Tuner gain set to automatic.
Tuned to 137618100 Hz.
Oversampling input by: 19x.
Oversampling output by: 1x.
Buffer size: 7.84ms
Exact sample rate is: 1045000.031662 Hz
Sampling at 1045000 S/s.
Output at 55000 Hz.

...long wait...

Press Ctrl-C to stop and close the wxdata.wav file.

You can pipe the signals straight into the wxsat rendering program and get the image in real-time, but making it work the simple way first, is hard enough for starters.

Also note that there are multiple types of weather fax modulation modes used by polar sats, geo sats and HF radio.  Russia also has different satellites.  The above examples are for the older polar NOAA satellites only.

Render the Image

Now you need to trim the audio file to get rid of the noise at the beginning and end and then run wxtoimg, hamfax, wxsat or satsignal and read the audio file.  Hopefully, the result will be better than my first try!

Nice Weather!

With a simple antenna, it will only work if the satellite is passing fairly high, more than 20 degrees above the horizon, otherwise there will be too much noise, distortion and doppler shifting and the first and last 5 minutes are typically unusable, leaving maybe 5 minutes worth in the middle that you can actually use. 

If your antenna didn't blow down in the last storm, 
then it isn't high enough.

The WxToImg program proved to be quite useless to me. I never managed to decode anything useful with it, no matter how good the recording sounded to my ears.

Eventually, in sheer desperation, I used Audacity to convert the recordings to 11.025 kHz sampling rate and decoded a picture (the one at the top) with the old wxsat running on a trusty old Windows XP virtual machine on my Mac.  The better solution is to edit your record script and add another line to down sample with sox (you could do it in a single line if you use the sox effects chain -rate 11025).

Schedule a Weather Fax Recording

Use the at daemon (or crontab) to schedule the execution of a script, so that you don't have to leave your lair during the day time and suffer sunburn:
$ at -f /Users/herman/Hamradio/WeatherSats/n19 now + 1 minute

Note that you will get better results by starting the recording cron job 5 minutes late and ending 5 minutes early, since close to the horizon, there is just too much noise and distortion in the signals.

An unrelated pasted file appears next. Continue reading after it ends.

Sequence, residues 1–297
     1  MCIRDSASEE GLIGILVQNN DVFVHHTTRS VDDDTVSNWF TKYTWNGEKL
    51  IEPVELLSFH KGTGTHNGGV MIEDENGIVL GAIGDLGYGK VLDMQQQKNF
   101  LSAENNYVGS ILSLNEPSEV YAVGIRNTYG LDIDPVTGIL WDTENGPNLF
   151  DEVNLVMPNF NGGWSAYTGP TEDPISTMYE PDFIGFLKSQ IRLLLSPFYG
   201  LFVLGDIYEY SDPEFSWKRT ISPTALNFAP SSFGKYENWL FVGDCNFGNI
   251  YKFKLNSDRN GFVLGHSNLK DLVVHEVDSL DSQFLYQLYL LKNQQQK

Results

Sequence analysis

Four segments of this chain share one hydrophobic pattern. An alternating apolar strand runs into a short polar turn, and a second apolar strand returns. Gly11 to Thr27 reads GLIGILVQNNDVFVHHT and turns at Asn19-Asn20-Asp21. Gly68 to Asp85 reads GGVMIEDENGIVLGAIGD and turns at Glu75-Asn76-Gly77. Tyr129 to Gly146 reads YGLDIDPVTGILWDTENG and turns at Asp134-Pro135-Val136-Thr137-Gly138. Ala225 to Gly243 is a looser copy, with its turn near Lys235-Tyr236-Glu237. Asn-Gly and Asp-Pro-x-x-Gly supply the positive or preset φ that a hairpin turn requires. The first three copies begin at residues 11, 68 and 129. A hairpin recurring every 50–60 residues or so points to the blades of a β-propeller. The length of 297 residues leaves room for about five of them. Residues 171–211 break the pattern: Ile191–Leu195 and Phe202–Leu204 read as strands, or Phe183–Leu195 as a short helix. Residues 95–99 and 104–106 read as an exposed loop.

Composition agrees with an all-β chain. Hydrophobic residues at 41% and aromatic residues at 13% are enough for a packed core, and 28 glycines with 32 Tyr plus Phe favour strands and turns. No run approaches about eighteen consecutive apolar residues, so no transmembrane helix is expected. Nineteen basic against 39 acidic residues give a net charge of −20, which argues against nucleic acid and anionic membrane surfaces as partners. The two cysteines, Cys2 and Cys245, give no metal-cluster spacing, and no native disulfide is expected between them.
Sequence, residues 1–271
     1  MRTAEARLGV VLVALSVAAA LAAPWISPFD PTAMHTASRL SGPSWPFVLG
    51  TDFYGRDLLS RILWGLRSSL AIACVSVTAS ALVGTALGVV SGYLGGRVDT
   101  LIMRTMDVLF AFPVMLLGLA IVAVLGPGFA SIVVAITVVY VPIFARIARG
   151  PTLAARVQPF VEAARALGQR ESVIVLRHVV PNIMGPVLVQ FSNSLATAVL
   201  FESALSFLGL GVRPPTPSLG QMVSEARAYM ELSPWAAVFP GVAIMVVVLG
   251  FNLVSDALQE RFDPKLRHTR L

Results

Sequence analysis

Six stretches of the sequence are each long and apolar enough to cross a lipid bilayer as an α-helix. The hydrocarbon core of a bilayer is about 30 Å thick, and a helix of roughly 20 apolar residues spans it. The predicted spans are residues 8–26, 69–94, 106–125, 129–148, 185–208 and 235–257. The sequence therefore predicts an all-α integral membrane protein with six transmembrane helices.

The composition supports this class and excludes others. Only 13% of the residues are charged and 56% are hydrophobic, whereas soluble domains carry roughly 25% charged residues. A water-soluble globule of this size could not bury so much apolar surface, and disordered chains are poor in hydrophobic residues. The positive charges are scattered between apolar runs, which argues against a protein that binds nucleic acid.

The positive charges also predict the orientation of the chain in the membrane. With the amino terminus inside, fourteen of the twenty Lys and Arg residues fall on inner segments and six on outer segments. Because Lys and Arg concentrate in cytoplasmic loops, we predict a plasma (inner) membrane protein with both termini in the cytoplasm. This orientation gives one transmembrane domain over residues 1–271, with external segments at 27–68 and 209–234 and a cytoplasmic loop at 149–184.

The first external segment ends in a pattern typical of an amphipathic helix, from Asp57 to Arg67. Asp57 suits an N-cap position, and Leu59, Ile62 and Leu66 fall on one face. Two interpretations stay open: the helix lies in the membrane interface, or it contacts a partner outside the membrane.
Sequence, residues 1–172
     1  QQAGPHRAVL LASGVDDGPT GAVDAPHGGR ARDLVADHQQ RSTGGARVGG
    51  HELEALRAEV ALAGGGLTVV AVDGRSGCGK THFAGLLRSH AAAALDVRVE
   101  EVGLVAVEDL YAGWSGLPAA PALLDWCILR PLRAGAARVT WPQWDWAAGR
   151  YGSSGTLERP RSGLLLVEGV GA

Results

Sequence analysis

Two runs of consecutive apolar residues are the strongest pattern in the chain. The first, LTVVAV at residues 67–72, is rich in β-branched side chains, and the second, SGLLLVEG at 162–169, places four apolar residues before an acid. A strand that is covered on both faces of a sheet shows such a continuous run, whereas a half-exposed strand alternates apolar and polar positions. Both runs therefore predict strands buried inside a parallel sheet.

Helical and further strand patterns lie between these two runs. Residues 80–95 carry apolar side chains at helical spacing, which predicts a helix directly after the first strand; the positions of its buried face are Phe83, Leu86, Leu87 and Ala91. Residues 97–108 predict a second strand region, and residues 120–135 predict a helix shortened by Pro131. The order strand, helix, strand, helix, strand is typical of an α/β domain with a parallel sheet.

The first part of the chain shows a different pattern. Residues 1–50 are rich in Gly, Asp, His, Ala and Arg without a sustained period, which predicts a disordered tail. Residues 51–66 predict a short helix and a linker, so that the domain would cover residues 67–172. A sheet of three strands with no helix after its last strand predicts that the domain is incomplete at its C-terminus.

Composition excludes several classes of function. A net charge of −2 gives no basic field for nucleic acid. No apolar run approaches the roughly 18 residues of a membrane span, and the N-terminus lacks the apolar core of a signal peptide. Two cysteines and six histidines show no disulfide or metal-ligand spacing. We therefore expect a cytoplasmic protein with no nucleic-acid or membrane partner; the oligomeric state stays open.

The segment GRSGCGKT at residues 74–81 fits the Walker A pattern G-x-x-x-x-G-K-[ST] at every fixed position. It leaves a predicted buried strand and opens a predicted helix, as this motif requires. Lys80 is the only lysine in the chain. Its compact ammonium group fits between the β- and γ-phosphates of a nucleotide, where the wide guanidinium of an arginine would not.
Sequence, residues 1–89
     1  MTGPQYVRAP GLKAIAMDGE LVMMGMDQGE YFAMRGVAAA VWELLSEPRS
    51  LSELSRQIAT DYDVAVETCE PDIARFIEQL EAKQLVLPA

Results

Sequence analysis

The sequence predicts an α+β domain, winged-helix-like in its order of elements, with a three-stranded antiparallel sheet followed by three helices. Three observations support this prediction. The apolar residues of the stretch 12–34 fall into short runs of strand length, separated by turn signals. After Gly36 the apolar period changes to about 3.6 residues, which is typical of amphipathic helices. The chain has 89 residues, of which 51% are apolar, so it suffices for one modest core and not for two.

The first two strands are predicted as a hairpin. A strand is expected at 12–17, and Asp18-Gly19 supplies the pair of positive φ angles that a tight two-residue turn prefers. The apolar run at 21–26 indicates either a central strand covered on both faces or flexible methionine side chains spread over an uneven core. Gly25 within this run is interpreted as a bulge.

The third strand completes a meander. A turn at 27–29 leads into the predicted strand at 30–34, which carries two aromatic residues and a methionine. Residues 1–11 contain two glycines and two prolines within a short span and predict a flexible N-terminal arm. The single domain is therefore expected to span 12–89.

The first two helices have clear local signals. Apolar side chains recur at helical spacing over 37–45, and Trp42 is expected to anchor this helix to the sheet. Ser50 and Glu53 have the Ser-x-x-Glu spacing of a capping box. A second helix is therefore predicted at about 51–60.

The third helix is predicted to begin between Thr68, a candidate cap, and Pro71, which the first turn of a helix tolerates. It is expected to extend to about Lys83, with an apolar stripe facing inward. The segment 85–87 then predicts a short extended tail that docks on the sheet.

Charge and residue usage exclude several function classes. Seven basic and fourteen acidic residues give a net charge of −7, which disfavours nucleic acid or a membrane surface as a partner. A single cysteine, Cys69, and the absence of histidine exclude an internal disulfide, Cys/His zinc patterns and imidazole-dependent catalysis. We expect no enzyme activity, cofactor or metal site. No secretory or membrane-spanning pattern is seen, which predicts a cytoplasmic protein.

For example:
$ at -f ./n19 now + 168 minutes
job 6 at Fri Feb  9 13:45:00 2018
$ at -f ./n15 now + 369 minutes
job 7 at Fri Feb  9 17:08:00 2018

$ atq
6    Fri Feb  9 13:45:00 2018
7    Fri Feb  9 17:08:00 2018

If you read man at, it says that the daemon is turned off by default.  If needed,  enable it with: 
$ sudo launchctl load -w /System/Library/LaunchDaemons/ 

The recording will run forever, unless you stop it with a scheduled kill command!

So you can make a simple killall script like this:
#! .bin/bash
killall n19

and schedule it like this:
$ at -f ./n19stop now + 178 minutes

To capture 10 minutes of data.

Other Software

There are also weather fax relays on HF radio for mariners.  The encoding is somewhat different and fldigi can be used to decode them.

The most comprehensive meteorological tool kit is probably gempack

You can also look into wview

Setting the above up will likely be quite an adventure...

More Information

A detailed guide for tuning WxSat and making false colour pictures by combining the images from two cameras (visible and IR) in the satellites:

Group for Earth Observation (GEO):

Satellite Networked Open Ground Station (SatNOGS):

Digital Weather Satellite Reception:

Articles on decoding Russian Meteor-M2 weather pictures.  This one is much higher resolution than the older NOAA satellites and since it is in an orbit for weather prediction in Moscow, it is also very useful for the rest of Eastern Europe and the UAE.


You will need a decent antenna or two:

You may also want a masthead preamplifier to dig the picture out of the noise:

PS: High Definition NOAA, METEOR and METOP Satellite Pictures
Since about 2019, it is possible to decode the high definition pictures from the NOAA and METEOR satellites using a wide band radio receiver such as the HackRF One:
For the 1.5 GHz systems, it may be a good idea to make a parabolic dish tracking antenna.  I want to make the whole tracker system out of wood - with a wooden v-belt stepmotor drive and beeswax impregnated maple wood bearings like these:  Hardwood makes very rugged low speed bearings and brings a tracker whirlygig well within the garage DIY carpenterhacker realm, with only the motors, shafts, fasteners and antenna made of metal.  Since my new cottage has an attic with a tile roof - the satellite tracker will be elevated and protected against the elements.

Have fun!